The SEC’s indecision and nondecision not only violated Rule 250(a) requiring the SEC to ‘promptly grant or deny the motion’, but also violated the Fifth Amendment Due Process Clause of the U.S. Constitution, because the SEC created a vague situation lacking fair notice as to what CryptoFed should do to comply with the securities laws. On this point, the US Supreme Court has emphasized in F.C.C. v. Fox Television Stations, Inc 567 U.S. 239 (2012) at 2317-2318 that ‘a fundamental principle in our legal system is that laws which regulate persons or entities must give fair notice of conduct that is forbidden or required… This requirement of clarity in regulation is essential to the protections provided by the Due Process Clause of the Fifth Amendment …[, which] requires the invalidation of laws that are impermissibly vague.’ The invalidation of laws means that the securities laws do not apply to CryptoFed’s tokens due to impermissible vagueness caused by the SEC’s indecision and nondecision.

Fundamentally, the SEC’s indecision and nondecision resulted from the SEC’s litigation strategy which is to effectively stop CryptoFed’s registration statements without providing clarity as to whether the CryptoFed’s tokens are securities. Instead of conducting a Howey test which could provide the clarity, the SEC emphasized in its brief dated April 18, 2023 that ‘filing the registration statement established the Commission’s jurisdiction, even if the tokens are not securities.’ However, the SEC’s ignoring the substance of economic reality contradicts the US Supreme Court’s opinion in SEC v. Howey Co. 328 US 29.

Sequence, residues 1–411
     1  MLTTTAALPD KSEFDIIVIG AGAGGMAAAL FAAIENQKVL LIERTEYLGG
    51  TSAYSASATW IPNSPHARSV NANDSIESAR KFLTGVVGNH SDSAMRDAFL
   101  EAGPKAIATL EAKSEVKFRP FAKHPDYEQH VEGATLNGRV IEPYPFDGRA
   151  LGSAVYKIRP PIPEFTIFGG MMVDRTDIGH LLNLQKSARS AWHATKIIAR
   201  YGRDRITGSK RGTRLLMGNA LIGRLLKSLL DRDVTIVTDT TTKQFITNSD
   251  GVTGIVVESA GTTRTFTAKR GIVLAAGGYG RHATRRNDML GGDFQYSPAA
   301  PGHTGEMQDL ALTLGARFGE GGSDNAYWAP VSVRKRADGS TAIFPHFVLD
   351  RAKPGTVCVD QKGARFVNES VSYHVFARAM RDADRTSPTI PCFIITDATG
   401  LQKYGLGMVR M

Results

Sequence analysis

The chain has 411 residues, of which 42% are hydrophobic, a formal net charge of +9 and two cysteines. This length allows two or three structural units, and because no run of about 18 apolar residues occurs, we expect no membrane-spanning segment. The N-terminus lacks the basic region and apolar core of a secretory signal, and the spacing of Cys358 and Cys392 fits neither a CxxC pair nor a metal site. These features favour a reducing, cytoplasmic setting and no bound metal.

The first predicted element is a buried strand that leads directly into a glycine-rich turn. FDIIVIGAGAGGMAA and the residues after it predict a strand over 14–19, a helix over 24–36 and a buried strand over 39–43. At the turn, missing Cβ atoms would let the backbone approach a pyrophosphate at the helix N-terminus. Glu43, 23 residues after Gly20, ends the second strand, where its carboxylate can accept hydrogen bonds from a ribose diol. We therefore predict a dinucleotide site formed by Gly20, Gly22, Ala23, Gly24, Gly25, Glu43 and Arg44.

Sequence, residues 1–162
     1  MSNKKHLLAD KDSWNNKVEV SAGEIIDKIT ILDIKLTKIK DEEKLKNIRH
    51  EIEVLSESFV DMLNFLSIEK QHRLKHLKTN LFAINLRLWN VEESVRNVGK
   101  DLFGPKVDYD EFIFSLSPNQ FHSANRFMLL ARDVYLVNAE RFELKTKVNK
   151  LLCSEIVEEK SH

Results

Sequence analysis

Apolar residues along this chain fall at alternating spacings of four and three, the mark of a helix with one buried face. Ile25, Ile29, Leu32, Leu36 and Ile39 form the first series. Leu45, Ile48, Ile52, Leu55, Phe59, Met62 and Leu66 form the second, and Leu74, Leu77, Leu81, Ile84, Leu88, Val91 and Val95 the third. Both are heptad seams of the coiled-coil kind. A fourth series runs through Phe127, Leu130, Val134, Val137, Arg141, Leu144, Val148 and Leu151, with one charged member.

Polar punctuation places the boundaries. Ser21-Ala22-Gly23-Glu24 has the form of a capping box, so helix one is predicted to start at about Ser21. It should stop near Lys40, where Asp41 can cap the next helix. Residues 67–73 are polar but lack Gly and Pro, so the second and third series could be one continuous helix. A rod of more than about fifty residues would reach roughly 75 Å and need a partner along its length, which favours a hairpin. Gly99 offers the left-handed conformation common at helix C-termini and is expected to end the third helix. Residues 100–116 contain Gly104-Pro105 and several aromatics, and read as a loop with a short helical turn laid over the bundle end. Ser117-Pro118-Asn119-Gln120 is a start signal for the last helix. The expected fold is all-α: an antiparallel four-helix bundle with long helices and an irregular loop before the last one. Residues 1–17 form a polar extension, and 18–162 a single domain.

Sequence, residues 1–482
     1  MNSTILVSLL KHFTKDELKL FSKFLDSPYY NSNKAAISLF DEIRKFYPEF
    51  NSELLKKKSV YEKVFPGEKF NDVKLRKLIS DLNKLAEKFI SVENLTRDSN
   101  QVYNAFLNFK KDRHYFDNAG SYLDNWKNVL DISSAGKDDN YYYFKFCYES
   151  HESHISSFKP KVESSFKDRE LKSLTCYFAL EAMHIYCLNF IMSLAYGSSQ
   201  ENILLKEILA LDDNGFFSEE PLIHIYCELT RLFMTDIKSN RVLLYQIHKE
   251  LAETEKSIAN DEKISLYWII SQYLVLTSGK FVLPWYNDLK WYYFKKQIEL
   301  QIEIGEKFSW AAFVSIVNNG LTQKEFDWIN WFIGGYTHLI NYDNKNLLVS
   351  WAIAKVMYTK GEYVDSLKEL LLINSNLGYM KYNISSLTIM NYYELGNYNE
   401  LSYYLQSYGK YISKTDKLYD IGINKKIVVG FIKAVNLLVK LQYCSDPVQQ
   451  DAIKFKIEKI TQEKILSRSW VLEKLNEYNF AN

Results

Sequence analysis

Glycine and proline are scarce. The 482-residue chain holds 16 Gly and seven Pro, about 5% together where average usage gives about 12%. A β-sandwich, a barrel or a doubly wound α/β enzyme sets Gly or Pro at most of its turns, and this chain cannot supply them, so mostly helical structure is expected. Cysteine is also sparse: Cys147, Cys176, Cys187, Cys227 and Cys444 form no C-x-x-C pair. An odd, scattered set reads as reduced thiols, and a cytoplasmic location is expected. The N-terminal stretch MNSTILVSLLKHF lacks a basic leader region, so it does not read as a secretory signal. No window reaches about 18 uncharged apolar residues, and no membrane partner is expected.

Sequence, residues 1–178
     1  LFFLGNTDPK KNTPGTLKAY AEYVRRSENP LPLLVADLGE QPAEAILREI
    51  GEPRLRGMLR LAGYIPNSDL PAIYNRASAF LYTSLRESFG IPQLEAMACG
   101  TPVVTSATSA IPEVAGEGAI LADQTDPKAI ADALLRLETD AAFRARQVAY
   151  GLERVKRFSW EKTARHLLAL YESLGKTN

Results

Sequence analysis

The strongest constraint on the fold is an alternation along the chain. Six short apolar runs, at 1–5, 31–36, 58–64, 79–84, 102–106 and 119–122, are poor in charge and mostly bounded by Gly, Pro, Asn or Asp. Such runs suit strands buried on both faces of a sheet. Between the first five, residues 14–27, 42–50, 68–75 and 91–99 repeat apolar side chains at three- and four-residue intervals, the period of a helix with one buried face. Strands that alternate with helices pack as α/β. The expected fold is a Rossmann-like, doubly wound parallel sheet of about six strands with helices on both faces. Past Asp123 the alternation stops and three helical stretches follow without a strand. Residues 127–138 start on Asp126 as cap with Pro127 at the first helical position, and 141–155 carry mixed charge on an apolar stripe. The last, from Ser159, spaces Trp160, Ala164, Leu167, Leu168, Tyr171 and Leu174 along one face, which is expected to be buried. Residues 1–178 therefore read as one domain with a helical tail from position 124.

Furthermore, because the SEC only relied on filing registration statement per se to justify its jurisdiction, the CryptoFed filed a request for withdrawal of its Form S-1’s registration statement with the sole reason that its tokens are not securities. In response, the SEC issued an order to deny the request. Consequently, pursuant to Administrative Procedure Act, 5 U.S. Code § 556 (d) which states that ‘the proponent of a rule or order has the burden of proof’, CryptoFed obtained an absolute right to request the SEC to provide a Howey test. Given the SEC’s continued refusal to provide a Howey test, CryptoFed should be able to withdraw its Form S-1 registration statement with the reason that the DAO’s tokens are not securities, pursuant to the US Supreme Court’s opinion in Jones v. SEC, 298 U.S. 1 (1936) (stating ‘the right of the registrant to withdraw his application would seem to be as absolute as the right of any person to withdraw an ungranted application...’)

The US legal system based on the doctrine of stare decisis under a constitution-based federal system, has established sufficient decentralization and autonomy within the United States. To this extent, the operation of the United States is similar to that of a DAO. The genesis block is the US Constitution to which the Constitutional Amendments and the rulings of the US Supreme Court have been added as sequential blocks in accordance with predetermined due process as a consensus mechanism for consistency. The United States’ characteristics of decentralization and autonomy enable DAOs to emerge from and coexist with the existing US laws and regulations, given that the Wyoming DAO Law allows DAOs to be established within the US legal system.  

The author’s complete article can be accessed here.


Xiaomeng Zhou is one of the organizers of American CryptoFed DAO LLC, the first DAO established under the Wyoming DAO legislation.